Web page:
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Lost Highway (1997)

Sometimes, you’ve just got to get off the road. Like, way off the road.

Cool and happenin’ jazz musician Fred (Bill Pullman) lives a pretty fine life with his lovely wife (Patricia Arquette). But for some reason, he constantly keeps on thinking that she’s having an affair, driving him to go a little bit nuts in the head. However, he is shocked when he discovers that she’s dead and is being framed for it all, without he himself knowing whether or not he actually did it. Meanwhile, I think, there’s a young mechanic named Pete (Balthazar Getty) who is suddenly drawn into a web of deceit by a temptress (Patricia Arquette) who is cheating on her gangster boyfriend (Robert Loggia). Are these two tales linked? And if so, by what?

Uh. I’ll take my chances at a Motel 6.

Lost Highway is, no surprise, another one of David Lynch’s mind-benders that probably takes more time to watch and decipher it, again and again, than is probably necessary. However, there’s also some fun to be had in that, what with the movie not forgetting to constantly throw small hints, clues and little bits and pieces at us that may or may not tell us the whole story, or may just lead us down a path towards more darkness and confusion than ever before. Then again, there’s some fun to be had in that, especially when Lynch himself seems to know of the maze he’s taking us on, rather making stuff as he goes along, as he can often sometimes seem to do.

And in Lost Highway, there’s some fun to be had, but also some annoyance, too. In a way, it’s hard to really pin-point what it is about this movie works and what doesn’t, as much as it’s easy to say what’s hitting its mark the way it’s intended to, and what isn’t. For Lynch here, it seems like he’s got the mood down perfectly; there’s a creepy air of neo-noir mystery, coldness, and darkness that actually makes it more interesting to watch, despite the slow pace and sometimes meandering story. But Lynch clearly put a lot of effort into the way the movie look, felt and sounded, with all aspects being top-notch and creating a very paranoid, sometimes eerie aura of danger lurking somewhere underneath, and it pays off.

Then, you get to the story and well, there’s a lot to be desired.

It’s not that Lynch made a mistake in telling these two different stories and demanding that we make the connection in our times, by ourselves, it’s just that they aren’t all that interesting to watch. Bill Pullman’s story has some interest-factor because of it seeming like an attack on the male-psyche, whereas Balthazar Getty’s seems to sort of go nowhere. It’s as if Lynch was so enchanted with Arquette in the first place, that he didn’t really care how much mileage he could get out of her – so long as she was willing to act in two, somewhat different roles, then so be it.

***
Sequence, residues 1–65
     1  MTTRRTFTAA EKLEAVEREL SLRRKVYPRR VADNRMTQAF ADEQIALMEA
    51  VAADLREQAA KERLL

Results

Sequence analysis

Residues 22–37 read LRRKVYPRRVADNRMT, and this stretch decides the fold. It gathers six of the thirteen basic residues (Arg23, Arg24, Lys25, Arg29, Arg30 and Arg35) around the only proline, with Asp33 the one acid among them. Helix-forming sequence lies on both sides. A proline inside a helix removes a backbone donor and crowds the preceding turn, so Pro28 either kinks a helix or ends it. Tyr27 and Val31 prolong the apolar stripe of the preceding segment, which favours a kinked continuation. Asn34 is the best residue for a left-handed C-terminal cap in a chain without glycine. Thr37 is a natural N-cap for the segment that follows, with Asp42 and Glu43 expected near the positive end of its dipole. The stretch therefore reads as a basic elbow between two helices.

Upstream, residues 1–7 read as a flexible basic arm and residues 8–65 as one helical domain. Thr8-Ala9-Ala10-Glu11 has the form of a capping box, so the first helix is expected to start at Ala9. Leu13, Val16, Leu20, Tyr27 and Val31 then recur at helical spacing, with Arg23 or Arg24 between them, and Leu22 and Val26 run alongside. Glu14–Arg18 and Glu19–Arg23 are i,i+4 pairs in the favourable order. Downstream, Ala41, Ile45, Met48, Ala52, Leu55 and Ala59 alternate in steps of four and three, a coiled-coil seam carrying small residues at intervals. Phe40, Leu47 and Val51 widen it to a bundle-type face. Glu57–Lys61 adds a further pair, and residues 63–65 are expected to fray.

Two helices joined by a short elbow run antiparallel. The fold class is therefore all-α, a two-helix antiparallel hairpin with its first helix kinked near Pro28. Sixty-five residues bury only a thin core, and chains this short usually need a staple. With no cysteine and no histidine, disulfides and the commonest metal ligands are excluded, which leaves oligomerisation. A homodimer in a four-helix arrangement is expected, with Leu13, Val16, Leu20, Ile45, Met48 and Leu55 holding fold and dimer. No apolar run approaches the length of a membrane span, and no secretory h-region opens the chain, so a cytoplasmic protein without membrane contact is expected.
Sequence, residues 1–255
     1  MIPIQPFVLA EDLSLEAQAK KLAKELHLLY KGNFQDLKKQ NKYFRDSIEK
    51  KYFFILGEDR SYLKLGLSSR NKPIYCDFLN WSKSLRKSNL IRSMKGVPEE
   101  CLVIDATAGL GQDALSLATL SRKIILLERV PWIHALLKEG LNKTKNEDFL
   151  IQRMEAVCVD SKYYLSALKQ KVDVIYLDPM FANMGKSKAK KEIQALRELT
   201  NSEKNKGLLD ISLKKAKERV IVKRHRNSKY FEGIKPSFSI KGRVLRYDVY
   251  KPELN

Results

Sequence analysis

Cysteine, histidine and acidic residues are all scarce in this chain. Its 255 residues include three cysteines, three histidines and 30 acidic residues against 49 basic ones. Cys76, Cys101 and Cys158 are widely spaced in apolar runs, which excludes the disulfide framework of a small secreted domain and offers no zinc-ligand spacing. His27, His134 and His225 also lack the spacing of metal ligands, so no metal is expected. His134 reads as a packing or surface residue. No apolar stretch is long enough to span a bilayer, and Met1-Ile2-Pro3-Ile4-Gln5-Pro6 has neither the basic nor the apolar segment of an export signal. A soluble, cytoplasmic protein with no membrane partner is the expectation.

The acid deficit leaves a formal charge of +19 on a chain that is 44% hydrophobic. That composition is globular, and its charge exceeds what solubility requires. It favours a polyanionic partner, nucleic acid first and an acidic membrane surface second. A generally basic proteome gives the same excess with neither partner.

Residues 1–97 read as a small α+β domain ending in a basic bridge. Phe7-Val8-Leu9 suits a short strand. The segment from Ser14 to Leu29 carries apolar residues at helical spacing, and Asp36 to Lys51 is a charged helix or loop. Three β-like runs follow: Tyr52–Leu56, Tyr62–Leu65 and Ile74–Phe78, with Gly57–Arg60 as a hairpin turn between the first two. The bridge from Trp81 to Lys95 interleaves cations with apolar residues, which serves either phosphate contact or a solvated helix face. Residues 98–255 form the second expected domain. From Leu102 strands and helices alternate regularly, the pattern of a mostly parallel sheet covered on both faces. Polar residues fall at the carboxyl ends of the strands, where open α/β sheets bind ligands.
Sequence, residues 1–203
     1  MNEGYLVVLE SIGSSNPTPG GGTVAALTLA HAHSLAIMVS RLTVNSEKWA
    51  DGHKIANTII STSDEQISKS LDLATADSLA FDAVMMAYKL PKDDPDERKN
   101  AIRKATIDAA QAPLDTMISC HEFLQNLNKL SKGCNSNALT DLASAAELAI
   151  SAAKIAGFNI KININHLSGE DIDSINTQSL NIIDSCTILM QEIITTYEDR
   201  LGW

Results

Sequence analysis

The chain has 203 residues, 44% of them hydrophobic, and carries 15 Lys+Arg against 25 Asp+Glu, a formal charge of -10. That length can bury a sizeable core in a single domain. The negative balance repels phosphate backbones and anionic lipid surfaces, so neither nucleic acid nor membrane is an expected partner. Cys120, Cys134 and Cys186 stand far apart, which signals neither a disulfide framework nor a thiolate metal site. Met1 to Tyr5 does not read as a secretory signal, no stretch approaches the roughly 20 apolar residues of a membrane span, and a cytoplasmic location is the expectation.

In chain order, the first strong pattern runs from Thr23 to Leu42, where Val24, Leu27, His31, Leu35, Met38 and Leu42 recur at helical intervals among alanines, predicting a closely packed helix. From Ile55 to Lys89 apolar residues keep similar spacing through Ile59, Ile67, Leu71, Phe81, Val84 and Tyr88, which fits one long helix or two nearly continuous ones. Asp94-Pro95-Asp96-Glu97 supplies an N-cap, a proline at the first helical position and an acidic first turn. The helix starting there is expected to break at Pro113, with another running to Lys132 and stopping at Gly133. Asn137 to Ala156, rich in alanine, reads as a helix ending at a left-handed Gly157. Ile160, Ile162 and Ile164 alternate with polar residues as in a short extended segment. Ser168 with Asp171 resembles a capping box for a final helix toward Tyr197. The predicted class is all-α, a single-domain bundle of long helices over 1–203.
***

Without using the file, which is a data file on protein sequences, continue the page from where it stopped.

Like, is she even real?

And well, there’s not a problem with that, either, because Arquette is quite good in both roles, playing up her beauty and sweetness, as well as her possible viciousness and danger, too. Arquette’s dual roles, while showing her off as being both sleek and sexy, also give her a chance to fool around with the audience, not allowing us to know whether or not she’s a good person, a bad one, or even a person at all. After all, she could just be a figment of these two guys’ imaginations, as well as our owns. The movie doesn’t always make that clear and while it’s a solid job on Lynch’s part for keeping that guess up and about, it’s also a solid job on Arquette’s too for never losing our attention.

But it does deserve to be noted that Lost Highway, by a certain point, at least, does seem to have painted itself into a corner that it can’t get out of and when it’s all done, there’s a big question-mark left. While you can say that about practically every other Lynch flick, it feels more frustrating here, where it’s as if Lynch himself didn’t have the answers or conclusions, but instead, just wanted to take his good old time, going wherever he oh so pleased. Sure, that’s fine, mostly because it’s an entertaining and compelling watch, but sometimes, a little help here and there could definitely help.

Actually, I know they do. But hey, that’s why I am me and David Lynch is, thank heavens, David Lynch.

Consensus: Odd, creepy and downright freaky, Lost Highway highlights Lynch at his most subversive, but also shows that his knack for storytelling doesn’t always pan-out as well as he may intend.

7 / 10

Yeah, don’t ask.

Photos Courtesy of: Jay’s Analysis